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LETTERS: Preventing suicides is high priority; God is with us all

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Zero suicides

September is National Suicide Awareness Month, and your local mental health authority wants the people of McLennan, Bosque, Falls, Freestone, Hill and Limestone counties to know it is taking the lead in not only reducing people dying by suicide but getting to zero suicides.

This is why the Heart of Texas Behavioral Health Network, formerly Heart of Texas Region MHMR Center, has made its Zero Suicide Initiative a high priority — in the short and long term.

The agency’s executive director, Daniel Thompson, says the deaths of well-known celebrities such as Naomi Judd and former Miss USA Cheslie Kryst, who both died by suicide recently, only stress the need for the Zero Suicide Initiative locally.

The statistics from the Texas Suicide Prevention Collaborative’s “AS+K Training” (Ask the question, Seek support, Know when and how to refer for additional help) also point to a great need. Data compiled in 2019 says that in 2018 Texas experienced almost 3,900 suicide deaths, and close to 2.5 times more Texans died by suicide than by homicide. Plus, nearly one in five high school students in Texas had serious thoughts about suicide in that calendar year.

The data, and there are more than what is detailed above, all points to the need for suicide prevention strategies. The Heart of Texas Behavioral Health Network’s Zero Suicide Initiative helps fill that need.

While the Zero Suicide Initiative continues to be crafted and implemented by the work group, the Heart of Texas Behavioral Health Network has current resources available for anybody in our six-county region who may be having suicide ideation — or any mental health crisis situation that needs immediate help. The agency’s Crisis Services Hotline is available 24 hours a day, 365 days a year with a toll-free call at 866-752-3451. Nationally, the Suicide Lifeline is available by dialing 988.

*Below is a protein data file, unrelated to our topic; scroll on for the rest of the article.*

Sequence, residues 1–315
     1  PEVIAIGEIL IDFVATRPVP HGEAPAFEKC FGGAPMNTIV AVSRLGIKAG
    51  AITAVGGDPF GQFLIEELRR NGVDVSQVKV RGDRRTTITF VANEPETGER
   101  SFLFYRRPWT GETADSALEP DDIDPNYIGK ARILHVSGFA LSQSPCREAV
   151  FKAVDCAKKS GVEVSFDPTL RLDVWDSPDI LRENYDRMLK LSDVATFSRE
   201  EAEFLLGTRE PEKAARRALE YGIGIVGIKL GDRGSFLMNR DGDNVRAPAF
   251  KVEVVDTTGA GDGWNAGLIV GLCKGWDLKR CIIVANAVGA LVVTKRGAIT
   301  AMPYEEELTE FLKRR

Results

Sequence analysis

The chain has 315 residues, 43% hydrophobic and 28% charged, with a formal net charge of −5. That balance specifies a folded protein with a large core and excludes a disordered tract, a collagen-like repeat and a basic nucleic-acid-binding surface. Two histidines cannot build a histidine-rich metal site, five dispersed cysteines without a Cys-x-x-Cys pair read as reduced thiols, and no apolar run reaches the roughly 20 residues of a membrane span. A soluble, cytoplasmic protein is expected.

Vince Erickson, Waco

As summer ends, you may find yourself feeling a mixture of unpleasant emotions. Sadness that summer is coming to an end, but also fear of your busy fall schedule.

God still hears

I would like to express my sympathies to Jan Gentry. In her July 22 letter, she appeared to express dismay regarding God. She claimed that God has left us with no one to bestow blessings upon us, keep us safe or hear our prayers.

I don’t know what God she is referencing, but God has not left me or my family. We are blessed to be a family who deeply cares for one another. I am blessed each day that I get to wake up. I am blessed by his forgiveness for my many transgressions, which are too innumerable to count.

I feel as though the Lord is keeping me as safe as is his will. If I find myself in danger, I rest easy knowing that should anything happen, my soul is safe, for I was promised reward in his kingdom, so long as I believe in his son. This earth is not his reward; it is a reward of man, not God.

He hears my prayers. Whether or not I like the answer, I know he hears me, as my prayers are by his command: in private, not seeking notice of man. I know he hears my prayers, because Jesus told us that he hears our prayers.

I will pray for the souls of the lost, and those whose faith is shaken. May you find the bliss in your personal relationship with God, for it is yours and yours alone.

Terry Commander,


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